What Happens as You Age
However, the body tends to make fewer of these helpful chemicals as it gets older, so if you are over the age of 50, it’s particularly important to keep an eye on what you are eating or supplementing, to provide Antioxidants are substances that protect cells within the body from damage caused by free radicals. They help to strengthen the body’s ability to fight infection… protection.
The balance between your intake of antioxidants and your exposure to Free radicals are molecules produced when the body breaks down food or by environmental exposure to things like cigarette smoke, pollution and radiation. Free radicals… may literally be the balance between life and death. You can tip the scales in your favour by making simple changes to your antioxidant intake.
The Synergy of Antioxidants is Vital
Some are known essential nutrients, like Vitamin A, What it does: Strengthens immune system – fights infections. Makes collagen, keeping bones, skin and joints firm and strong. Antioxidant, detoxifying pollutants and protecting against… and What it does: Acts as an antioxidant, protecting cells from damage, including against cancer. Helps body use oxygen, preventing blood clots, thrombosis, atherosclerosis. Improves wound… – associated with reducing Alzheimer’s risk.
Antioxidants are team players. You need a combination of vitamin E and C and betacarotene, as well as glutathione, anthocyanidins, lipoic acid and co-enzyme Q10 to do the job of disarming oxidants properly. Taking only one of the antioxidants not only is unwise but can also be dangerous.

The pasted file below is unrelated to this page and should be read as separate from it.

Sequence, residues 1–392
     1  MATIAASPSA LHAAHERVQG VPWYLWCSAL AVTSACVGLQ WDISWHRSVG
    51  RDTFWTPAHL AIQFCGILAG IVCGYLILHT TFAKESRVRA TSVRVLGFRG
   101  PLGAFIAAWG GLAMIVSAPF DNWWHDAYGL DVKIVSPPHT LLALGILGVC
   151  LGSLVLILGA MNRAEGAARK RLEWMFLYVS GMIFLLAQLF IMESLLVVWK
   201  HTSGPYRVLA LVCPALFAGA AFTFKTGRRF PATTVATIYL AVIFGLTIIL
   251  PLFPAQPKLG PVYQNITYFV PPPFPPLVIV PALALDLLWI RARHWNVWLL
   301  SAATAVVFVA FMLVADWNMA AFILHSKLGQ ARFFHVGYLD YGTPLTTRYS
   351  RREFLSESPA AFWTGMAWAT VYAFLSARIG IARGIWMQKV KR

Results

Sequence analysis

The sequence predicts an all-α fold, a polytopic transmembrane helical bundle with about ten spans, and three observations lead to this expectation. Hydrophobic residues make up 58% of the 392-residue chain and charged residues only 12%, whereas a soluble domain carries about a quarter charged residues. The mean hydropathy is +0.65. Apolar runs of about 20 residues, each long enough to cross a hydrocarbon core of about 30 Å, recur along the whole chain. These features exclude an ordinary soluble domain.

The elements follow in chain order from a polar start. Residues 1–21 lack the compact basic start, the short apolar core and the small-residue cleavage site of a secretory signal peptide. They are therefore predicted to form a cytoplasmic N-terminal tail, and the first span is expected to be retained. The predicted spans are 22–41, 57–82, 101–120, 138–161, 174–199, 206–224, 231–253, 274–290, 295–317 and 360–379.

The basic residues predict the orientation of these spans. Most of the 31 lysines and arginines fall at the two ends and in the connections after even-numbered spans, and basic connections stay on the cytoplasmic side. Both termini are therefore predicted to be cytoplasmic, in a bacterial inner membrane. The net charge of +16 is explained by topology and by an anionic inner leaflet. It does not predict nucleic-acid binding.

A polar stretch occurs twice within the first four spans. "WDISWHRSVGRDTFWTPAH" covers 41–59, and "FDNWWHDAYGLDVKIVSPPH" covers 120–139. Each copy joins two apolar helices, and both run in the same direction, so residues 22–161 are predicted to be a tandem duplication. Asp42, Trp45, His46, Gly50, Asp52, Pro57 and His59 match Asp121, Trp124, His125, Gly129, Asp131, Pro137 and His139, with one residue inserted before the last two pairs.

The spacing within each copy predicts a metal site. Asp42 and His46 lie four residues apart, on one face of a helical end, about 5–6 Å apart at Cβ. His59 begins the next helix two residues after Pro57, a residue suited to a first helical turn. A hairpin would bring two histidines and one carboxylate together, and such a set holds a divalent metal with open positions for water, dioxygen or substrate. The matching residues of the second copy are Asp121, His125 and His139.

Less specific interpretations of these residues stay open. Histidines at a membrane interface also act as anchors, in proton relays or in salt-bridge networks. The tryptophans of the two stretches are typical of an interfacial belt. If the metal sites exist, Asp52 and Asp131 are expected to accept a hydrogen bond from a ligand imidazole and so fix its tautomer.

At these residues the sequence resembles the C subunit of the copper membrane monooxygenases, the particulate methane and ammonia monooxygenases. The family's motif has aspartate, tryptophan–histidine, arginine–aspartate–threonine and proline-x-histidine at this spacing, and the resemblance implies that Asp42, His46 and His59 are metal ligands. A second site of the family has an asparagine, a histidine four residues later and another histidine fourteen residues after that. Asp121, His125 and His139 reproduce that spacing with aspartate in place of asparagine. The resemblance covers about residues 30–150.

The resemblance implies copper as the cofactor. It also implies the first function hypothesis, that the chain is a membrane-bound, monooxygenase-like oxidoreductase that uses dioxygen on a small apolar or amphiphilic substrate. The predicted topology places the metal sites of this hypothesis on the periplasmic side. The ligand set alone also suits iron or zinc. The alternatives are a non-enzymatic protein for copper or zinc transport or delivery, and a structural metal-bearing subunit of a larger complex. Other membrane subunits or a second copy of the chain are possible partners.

Watch this film for an explanation of how antioxidants work together.
Antioxidants Protect the Brain
Since the brain is made of all these complex fats that can easily be damaged by oxidants, it makes sense that having a high intake of antioxidants would protect the brain from damage. A study of 4,740 Cache County, Utah elderly residents found that supplementing both vitamin E and C, cut their risk of developing Alzheimer’s by two-thirds.
Testing Your Antioxidant Potential
Your ability to stay free of these diseases, depends on the balance between your intake of harmful free radicals and your intake of protective antioxidants. An accurate way to determine your antioxidant status is to have a biochemical antioxidant profile done. This blood test measures the levels of betacarotene, C and E in your blod and determines how well your antioxidant enzyme systems (such as glutathione peroxidase) are functioning. Most nutritional laboratories offer this kind of test.
What Foods to Eat
Antioxidants are also found in food, especially in fruits, vegetables, and other plant-based, whole foods. The main essential antioxidant vitamins A, C and E and the precursor of Vitamin A, Betacarotene.
Betacarotene is found in vegetables and fruit eaten raw, but heat rapidly destroys it.
Vitamin E is found in ‘seed’ foods, including nuts, seeds and their oils, and vegetables like peas, broad beans, corn and whole grains – all of which are classified as seed foods.
Eating sweet potatoes, carrots, watercress, peas and broccoli frequently is a great way to increase your antioxidant potential – provided, of course, that you do not fry them.
The total antioxidant power of a food can be measured. The test determines a food’s ‘oxygen radical absorbance capacity’, known as ORAC for short. Each food can now be assigned a certain number of ORAC units. Foods that score high in these units are especially helpful in countering oxidant, or free-radical damage in your body.
6000 ORACs a day keeps ageing away!